Money Problems? Look to Your Academic Portfolios.

Posted by William F. Massy on Jun 17, 2020 12:53:20 PM

 

 

shutterstock_1746085787

 

What college or university doesn’t have money problems these days?  We’ve seen such problems before but this time they’re deeper and more acute.  In the “good old days,” such as the stagflation of the 1970s and the economic recessions of the 80s, 90s, and 2008, the solutions involved a grab-bag of common-sense actions based on relatively crude information. These include:  cutting fixed percentages of cost from administrative and support services, pressing upwards on class sizes and teaching loads, substituting adjunct for regular faculty wherever possible, and hacking away at small classes.  In today’s environment, however, the sufficiency of these actions seems doubtful because of the depth of the money problems and because the low-hanging fruit already has been depleted by years of belt-tightening.

Topics: Program Margin, Academic Programs, Curricular Efficiency, Programs Economics


Cutting Academic Cost: If You Must, Here's How

Posted by Robert Gray Atkins on Apr 14, 2020 11:32:01 AM

Cutting Academic Costs and Improving Curricular Efficiency
If You Must, Here’s How

COVID-19 will require deep cost cuts at many colleges, or they simply won’t survive. It is unpleasant, even disturbing work. But like all work, it can be done well or badly, quickly or slowly. Bad cuts unnecessarily damage the mission and people. Bad cuts drag on and undermine Screen Shot 2020-04-14 at 11.19.29 AMmorale and confidence in leadership. They are usually the result of short-sighted thinking, incomplete or erroneous information and data, bad information, and lack of courage. Good cuts use sound data and robust, fast processes to create a leaner, financially sustainable, mission-centered institution. Here’s how.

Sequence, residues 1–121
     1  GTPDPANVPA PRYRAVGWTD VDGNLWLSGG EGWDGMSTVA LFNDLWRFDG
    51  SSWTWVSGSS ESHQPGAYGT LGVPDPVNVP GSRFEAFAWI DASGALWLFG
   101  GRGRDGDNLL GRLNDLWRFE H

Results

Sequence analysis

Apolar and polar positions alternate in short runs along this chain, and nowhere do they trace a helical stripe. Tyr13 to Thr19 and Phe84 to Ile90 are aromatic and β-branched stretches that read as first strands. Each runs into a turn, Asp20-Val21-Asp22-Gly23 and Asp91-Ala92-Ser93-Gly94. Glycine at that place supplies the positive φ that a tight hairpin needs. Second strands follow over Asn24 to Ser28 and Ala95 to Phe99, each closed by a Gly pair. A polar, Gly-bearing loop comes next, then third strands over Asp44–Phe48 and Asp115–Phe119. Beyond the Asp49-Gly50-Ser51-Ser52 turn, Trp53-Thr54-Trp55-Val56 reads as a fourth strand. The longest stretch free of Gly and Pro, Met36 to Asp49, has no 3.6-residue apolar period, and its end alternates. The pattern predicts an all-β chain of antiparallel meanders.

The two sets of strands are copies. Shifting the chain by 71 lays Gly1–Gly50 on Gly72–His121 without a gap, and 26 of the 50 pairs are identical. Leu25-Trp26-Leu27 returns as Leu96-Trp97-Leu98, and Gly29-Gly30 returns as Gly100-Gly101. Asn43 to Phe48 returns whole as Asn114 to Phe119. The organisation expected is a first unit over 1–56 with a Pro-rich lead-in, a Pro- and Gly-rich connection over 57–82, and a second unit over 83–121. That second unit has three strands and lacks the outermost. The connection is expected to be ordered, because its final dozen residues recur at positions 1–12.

Topics: Program Margin, Curricular Efficiency, Course Costs


Provenance of program economics models

Posted by William F. Massy on Mar 5, 2020 10:47:30 AM

Recently I revisited last summer’s joint statement by AIR, EDUCAUSE, and NACUBO entitled, “Analytics Can Save Higher Education. Really.”  It’s something all of us analytically-minded higher education people can and should get behind.  I’m thrilled that these three organizations have made analytics a priority, and that they are working to spread the information and knowhow that will spur adoption.

Handwritten Sketch

Reading the statement reminded me of the tools we had to rely on before the development of today’s academic resourcing models that I've been writing about in these blogs.  The improvements are relevant for achieving the benefits described in the joint statement referenced above as well as my own Reengineering the University and forthcoming Resource Management for Colleges and Universities.  I'd like to share some of my experience in the early days of higher education analytics to show just how big a change the current models portend, and why that change is so important.

Topics: Undertanding Student demand, Programs, Program Margin, Program Economics